Silverstein: Is that why we were so surprised by the 2008 crisis, because of the complexity and leverage that was built in to it?
Rickards: That's a great question. I was going around lecturing in 2005-2006, saying this crisis was coming up. I didn't say it was going to be mortgages on August 8, 2007, but we're seeing this happen again. I had a front row seat in the bailout of Long-Term Capital Management; I was general counsel, I negotiated the bailout. I was in the room with the Treasury and the Fed and the heads of all the 14 major banks, a bunch of lawyers, and we came this close to shutting every market in the world. It didn't happen and we got $4 billion cash, we propped up the balance sheet, Wall Street took over. The thing was unwound over the course of a year, but it was a really close run thing.
Having seen that, as we kind of tip-toed up to 2007, I could see all the same problems happening again. Then when it happened it was really not a surprise. In September 2007, I told them what to do. This was a year before Lehman. It had started — now, remember the crisis had started in August 2007. In September, Secretary Paulson came up with this "super SIV." He was going to roll up all these special purpose vehicles from all the banks, then that was abandoned. I went down to the Treasury and said "look, this crisis is going to get worse, here's what you need to do: call all the hedge funds, tell them to give you all their positions in machine readable form, put it into a matrix, hire IBM Global Services." I was completely ignored. You could really see this coming. I see it coming again. I'm not saying tomorrow, maybe not even next year, but sooner than later it should come as no surprise.
Silverstein: I know where the complexity was in 2008, it seems like a lot of it was cleaned up when everything fell apart. Where's the complexity now?
Rickards: It hasn't been cleaned up, it's been moved around. Household debt is much more manageable today. Debt to net worth of households looks very good. Part of that is because the stock market's gone up and houses have gone up so the denominator of the fractions expands. That's improved, but the balance sheets of the central banks are far far worse. The Fed is leveraged 115 to 1, with a maturity mismatch. It looks like the worst hedge fund you've ever seen.
I actually spoke to one of the members of the Board of Governors, it was a social occasion and I was kinda tweaking her a little bit and said "you guys are insolvent every now and then depending on the level of interest rates because you have all these 10-year notes," and she said "no we're not." I said "I think you are." She says "well, maybe, but it doesn't matter." So here's a governor of the Federal Reserve telling me that the insolvency of the Fed doesn't matter.
Silverstein: Does it?
Rickards: Well, I think it does. There are a lot of people that don't. Modern monetary theorists, they think it doesn't matter. They would see no problem taking the Fed balance sheet to $8 or $12 trillion. Why don't we want bigger deficits, monetize the debt, stow it away on the Fed balance sheet? Who cares, it's all good. It's all good up until the point when confidence breaks and people look around, it's sort of like waking up out of a dream, like "oh, you guys are leveraged 200 to 1, you're insolvent on a market to market basis?" You lose confidence in the dollar and you want to get out of the dollar, at which point you're like "okay you can pay me in dollars, but I'm going to buy land, fine art, gold, silver, that's when velocity accelerates almost of nowhere, and inflation takes off. By the way, this is exactly what happened in the 1970s. In 1977, the US had to issue bonds denominated in Swiss francs. There were Swiss franc denominated Treasury bonds, we called them Carter bonds, because people didn't want dollars. It can get that bad and it can happen almost overnight.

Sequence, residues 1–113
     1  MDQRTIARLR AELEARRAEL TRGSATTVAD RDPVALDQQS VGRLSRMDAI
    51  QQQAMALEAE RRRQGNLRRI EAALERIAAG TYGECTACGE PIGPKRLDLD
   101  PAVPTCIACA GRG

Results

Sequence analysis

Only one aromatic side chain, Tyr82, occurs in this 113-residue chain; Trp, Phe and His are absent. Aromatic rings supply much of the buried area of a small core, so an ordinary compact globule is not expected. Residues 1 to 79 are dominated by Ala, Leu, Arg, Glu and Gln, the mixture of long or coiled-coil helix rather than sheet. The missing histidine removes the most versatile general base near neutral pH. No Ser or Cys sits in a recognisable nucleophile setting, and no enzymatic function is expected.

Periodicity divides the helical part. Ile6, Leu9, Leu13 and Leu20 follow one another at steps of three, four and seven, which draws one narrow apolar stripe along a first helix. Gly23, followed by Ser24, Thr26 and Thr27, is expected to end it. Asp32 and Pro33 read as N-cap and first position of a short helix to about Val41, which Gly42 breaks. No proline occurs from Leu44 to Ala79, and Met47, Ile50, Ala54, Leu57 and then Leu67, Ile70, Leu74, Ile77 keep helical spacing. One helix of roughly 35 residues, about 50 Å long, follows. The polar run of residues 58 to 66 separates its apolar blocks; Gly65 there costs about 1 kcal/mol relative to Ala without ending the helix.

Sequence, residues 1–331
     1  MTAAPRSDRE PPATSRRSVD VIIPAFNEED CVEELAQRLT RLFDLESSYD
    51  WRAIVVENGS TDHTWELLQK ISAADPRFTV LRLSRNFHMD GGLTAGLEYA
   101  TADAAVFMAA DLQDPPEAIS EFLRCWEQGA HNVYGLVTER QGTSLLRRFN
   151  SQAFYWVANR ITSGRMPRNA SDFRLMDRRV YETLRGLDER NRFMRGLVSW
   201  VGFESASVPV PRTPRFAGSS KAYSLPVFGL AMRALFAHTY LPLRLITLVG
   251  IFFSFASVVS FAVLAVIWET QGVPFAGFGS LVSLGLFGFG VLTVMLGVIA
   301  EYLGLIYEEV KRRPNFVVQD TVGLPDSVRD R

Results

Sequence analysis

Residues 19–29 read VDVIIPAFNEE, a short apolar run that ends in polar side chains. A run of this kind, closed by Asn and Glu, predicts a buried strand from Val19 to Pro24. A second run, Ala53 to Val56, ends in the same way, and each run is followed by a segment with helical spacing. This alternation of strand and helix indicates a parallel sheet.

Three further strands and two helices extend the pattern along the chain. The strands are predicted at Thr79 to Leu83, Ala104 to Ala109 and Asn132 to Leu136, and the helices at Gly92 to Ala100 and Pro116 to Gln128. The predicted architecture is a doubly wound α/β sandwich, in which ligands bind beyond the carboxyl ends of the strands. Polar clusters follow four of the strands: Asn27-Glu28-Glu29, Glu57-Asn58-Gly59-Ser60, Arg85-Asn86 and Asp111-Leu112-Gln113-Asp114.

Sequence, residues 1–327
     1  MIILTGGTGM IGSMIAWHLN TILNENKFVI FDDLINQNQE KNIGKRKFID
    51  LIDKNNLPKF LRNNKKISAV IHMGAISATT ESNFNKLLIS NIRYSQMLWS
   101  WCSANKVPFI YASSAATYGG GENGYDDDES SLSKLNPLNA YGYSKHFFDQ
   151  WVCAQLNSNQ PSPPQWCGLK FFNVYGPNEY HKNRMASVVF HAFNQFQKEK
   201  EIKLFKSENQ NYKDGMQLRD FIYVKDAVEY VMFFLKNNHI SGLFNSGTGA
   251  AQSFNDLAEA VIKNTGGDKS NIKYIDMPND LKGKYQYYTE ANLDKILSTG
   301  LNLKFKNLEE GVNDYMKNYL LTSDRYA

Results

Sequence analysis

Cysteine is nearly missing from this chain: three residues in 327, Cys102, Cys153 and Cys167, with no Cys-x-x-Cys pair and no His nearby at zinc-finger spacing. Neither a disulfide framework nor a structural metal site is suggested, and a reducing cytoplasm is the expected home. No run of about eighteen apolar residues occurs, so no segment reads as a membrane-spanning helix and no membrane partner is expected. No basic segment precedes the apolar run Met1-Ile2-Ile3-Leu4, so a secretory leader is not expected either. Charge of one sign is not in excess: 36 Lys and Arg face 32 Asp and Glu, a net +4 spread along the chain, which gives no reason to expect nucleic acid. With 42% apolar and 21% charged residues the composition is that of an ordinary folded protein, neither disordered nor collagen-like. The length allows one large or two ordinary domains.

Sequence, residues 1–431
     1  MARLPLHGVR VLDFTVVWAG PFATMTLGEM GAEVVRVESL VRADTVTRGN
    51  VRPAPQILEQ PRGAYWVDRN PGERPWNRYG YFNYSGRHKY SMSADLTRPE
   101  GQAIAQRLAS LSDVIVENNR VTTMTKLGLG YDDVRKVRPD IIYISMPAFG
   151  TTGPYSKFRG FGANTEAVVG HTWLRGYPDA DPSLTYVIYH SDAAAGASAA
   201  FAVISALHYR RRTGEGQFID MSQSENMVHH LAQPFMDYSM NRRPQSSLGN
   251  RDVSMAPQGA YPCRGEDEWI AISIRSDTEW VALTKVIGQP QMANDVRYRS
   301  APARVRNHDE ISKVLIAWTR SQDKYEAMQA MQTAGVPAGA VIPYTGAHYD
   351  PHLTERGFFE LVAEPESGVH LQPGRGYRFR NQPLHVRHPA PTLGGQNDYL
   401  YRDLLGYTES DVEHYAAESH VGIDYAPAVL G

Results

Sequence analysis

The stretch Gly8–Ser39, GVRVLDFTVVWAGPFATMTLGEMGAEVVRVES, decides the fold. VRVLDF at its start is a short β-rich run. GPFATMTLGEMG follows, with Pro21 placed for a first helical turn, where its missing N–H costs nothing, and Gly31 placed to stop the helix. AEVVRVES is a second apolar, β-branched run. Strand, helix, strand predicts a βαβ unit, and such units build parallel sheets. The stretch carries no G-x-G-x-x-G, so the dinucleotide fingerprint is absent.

Silverstein: The Fed is in a tricky situation. Is there any way that they can get out this? Is there any good path for them?
Rickards: I don't see it. Here's what the Fed is trying to do: They need to normalize the balance sheet, meaning get the balance sheet down to maybe $2 trillion. Right now it's over four. It's coming down a bit, but there's a long way between $4 trillion and $2 trillion, bearing in mind that in 2008 it was $800 billion. It also needs to normalize interest rates, which means getting from 1% to 3-3.25%. The question is how do you get there? The Fed is trying to raise interest rates 25 basis points, four times a year every March, June, September, and December through 2019 to get to 3.5% or so and bring down the balance sheet. They're going to be reducing it by the end of next year by $50 billion a month, which is a lot.
There are some estimates that the impact of that is the equivalent of 1 percentage point rate hike, because it is a form of tightening — you're reducing the money supply. You're reducing base money. The question is why are they doing it? Why are they doing it in kind of a relatively weak economy? The answer is they're preparing for the next recession. They want to run the playbook again, which is cut rates and go to QE4 and QE5. How do you prepare for the next recession without causing the recession you're preparing to cure? That's the finesse, that's the problem, and I don't think they can do it.
Original source: Business Insider